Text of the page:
Tuesday, August 09, 2016


The question facing Republicans is no longer whether or not to support Donald Trump's candidacy.

Today in North Carolina, the ante was raised. Trump obliquely suggested that "Second Amendment people" might take matters into their own hands to end Hillary Clinton's presidency

His inflammatory comments pose a whole new question: Should the Republican Party and its leaders demand that Trump step down as the party's nominee?

Further, the Secret Service ought to be looking into whether Trump's remarks constitute incitement to commit a crime. Positing the notion of assassination before a crowd that includes rabid gun zealots may meet the test of dangerously yelling "fire" in a crowded movie theater.

Is a restraining order called for?

Here's what Trump said with regard to gun possession, Clinton court appointees and the Second Amendment: “If she gets to pick her judges, nothing you can do, folks. Although the Second Amendment people — maybe there is, I don’t know.”

Oh yes he does know.

The remark can be paired with one he made during the primary campaign.
"I could stand in the middle of Fifth Avenue and shoot somebody, okay, and I wouldn't lose any voters, okay?" Those are the kind of voters Trump was speaking to today. That is the kind of behavior he condones. He's done so on numerous other occasions as well.

With Trump, referring to violence is simply another macho rhetorical device. It is time he face the potential consequences of his words.

So where are you on this, Republicans? Will you call for Trump's resignation as nominee of your party?

The answer should be clear. It's time to get the hook out to yank this dangerous fanatic off the political stage before someone gets killed.

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"White House" Slavery and homelessness

For many the most searing line in the speeches given at either political convention was delivered by First Lady Michelle Obama when she said, “I wake up every morning in a house that was built by slaves.”

In another way, she and all of us are enslaved in this “White House” called America. We are, in a sense, our own slaves to a history and culture of slavery.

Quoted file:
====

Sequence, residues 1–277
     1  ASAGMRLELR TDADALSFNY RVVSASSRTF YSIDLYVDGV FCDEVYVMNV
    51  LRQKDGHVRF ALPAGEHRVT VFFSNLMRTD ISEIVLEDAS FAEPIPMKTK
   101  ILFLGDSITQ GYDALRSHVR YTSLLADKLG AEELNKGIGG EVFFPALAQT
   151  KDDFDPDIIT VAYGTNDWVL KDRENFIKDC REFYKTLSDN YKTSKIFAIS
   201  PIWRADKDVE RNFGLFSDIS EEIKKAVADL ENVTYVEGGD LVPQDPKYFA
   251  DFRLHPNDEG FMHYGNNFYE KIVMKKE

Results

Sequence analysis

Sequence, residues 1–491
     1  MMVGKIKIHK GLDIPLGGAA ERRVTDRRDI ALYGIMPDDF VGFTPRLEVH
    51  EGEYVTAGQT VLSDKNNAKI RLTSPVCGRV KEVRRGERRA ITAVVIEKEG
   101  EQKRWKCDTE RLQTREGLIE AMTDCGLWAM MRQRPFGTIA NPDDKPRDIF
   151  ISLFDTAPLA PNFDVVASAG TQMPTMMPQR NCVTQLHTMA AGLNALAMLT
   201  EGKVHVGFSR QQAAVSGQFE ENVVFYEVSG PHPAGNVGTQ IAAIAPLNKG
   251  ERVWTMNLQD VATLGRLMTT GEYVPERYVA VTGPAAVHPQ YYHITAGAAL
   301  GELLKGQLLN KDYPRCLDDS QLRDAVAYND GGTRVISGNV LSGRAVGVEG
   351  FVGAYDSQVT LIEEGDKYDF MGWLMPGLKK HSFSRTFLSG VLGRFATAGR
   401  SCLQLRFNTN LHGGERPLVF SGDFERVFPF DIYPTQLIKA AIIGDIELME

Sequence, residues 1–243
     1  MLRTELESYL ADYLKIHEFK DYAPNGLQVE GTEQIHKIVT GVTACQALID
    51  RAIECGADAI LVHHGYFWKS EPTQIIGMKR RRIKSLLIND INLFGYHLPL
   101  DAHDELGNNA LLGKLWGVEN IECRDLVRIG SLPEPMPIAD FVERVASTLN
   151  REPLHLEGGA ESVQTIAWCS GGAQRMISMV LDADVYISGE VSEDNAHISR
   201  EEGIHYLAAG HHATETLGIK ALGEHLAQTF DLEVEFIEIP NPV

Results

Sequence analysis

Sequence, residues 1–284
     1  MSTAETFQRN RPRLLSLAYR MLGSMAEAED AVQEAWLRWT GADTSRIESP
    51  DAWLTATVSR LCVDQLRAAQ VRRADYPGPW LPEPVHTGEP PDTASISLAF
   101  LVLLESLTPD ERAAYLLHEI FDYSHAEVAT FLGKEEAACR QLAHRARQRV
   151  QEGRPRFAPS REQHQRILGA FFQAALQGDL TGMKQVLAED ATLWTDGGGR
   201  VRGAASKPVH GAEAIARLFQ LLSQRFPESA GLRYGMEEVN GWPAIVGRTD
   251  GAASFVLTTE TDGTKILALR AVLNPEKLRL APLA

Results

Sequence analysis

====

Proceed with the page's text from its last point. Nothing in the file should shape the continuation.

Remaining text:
We are slaves to debt, slaves to war, slaves to consumerist desires, slaves to ignorance, slaves of an economy destroying the planet, slaves to wealthy elites, slaves to false, unquestioned values.

That was my extended take-away from the Obama speech until, without giving it much thought, I shared my heady little exposition with John Brown.

John is the homeless Street Roots newspaper vendor who sells the advocacy tabloid in front of the Food Front grocery in Hillsdale.

John is homeless because of crippling disability.

He is also whippet smart. The man is encyclopedic in his knowledge of the arts and literature. He recites Shakespeare with ease and affection. It’s as though he is on first name terms with The Bard, whom he calls “Willie the Shake.”

So I am rambling on with my boundless thoughts about the First Lady’s speech with John when I get to the part  waking up in a house built by slaves.

Suddenly I am confronted with the fact that John doesn’t wake up in a house at all.

Nor do his fellow Street Roots vendors and the hundreds for whom the Street Roots publication speaks so powerfully.

They are slaves to extreme poverty on our streets, in our parks and under our bridges.

Their plight today is another “White House” disgrace. Each day, with our eyes wide open, we witness their plight…and do nothing.

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Tuesday, July 26, 2016

A Prayer...in Progress

I do not consider myself the sort of person I once imagined would be drawn to Bible Study.

I am about as far away from being a “fundamentalist” and a “Bible thumper” as one can be. For starters, I’m a non-theist…but that’s another story.

So I often surprise myself (and others) by my regular attendance at a Bible study in our Quaker Meetinghouse.

We meet at 7 a.m. on Mondays. Yes, you read that right, “a.m.” We are not all Quakers. We have a Lutheran, a Jew, a Zen Buddhist and a Methodist in our group.  We all seem to be members of the sect called "morning people."

I see our gatherings more as “Bible Scrutiny” than “Bible Study.” My reading, and that of others in attendance, is critical, in the best sense of the word.

The Bible, both the Hebrew and Christian texts, tells us so much about ourselves: The good, the bad and much in-between. It also tells us much about the past of 2000 or more years ago.

This last Monday about 10 of us were deep into the Gospel of Luke when the Lord’s prayer, the “Our Father,” came before us.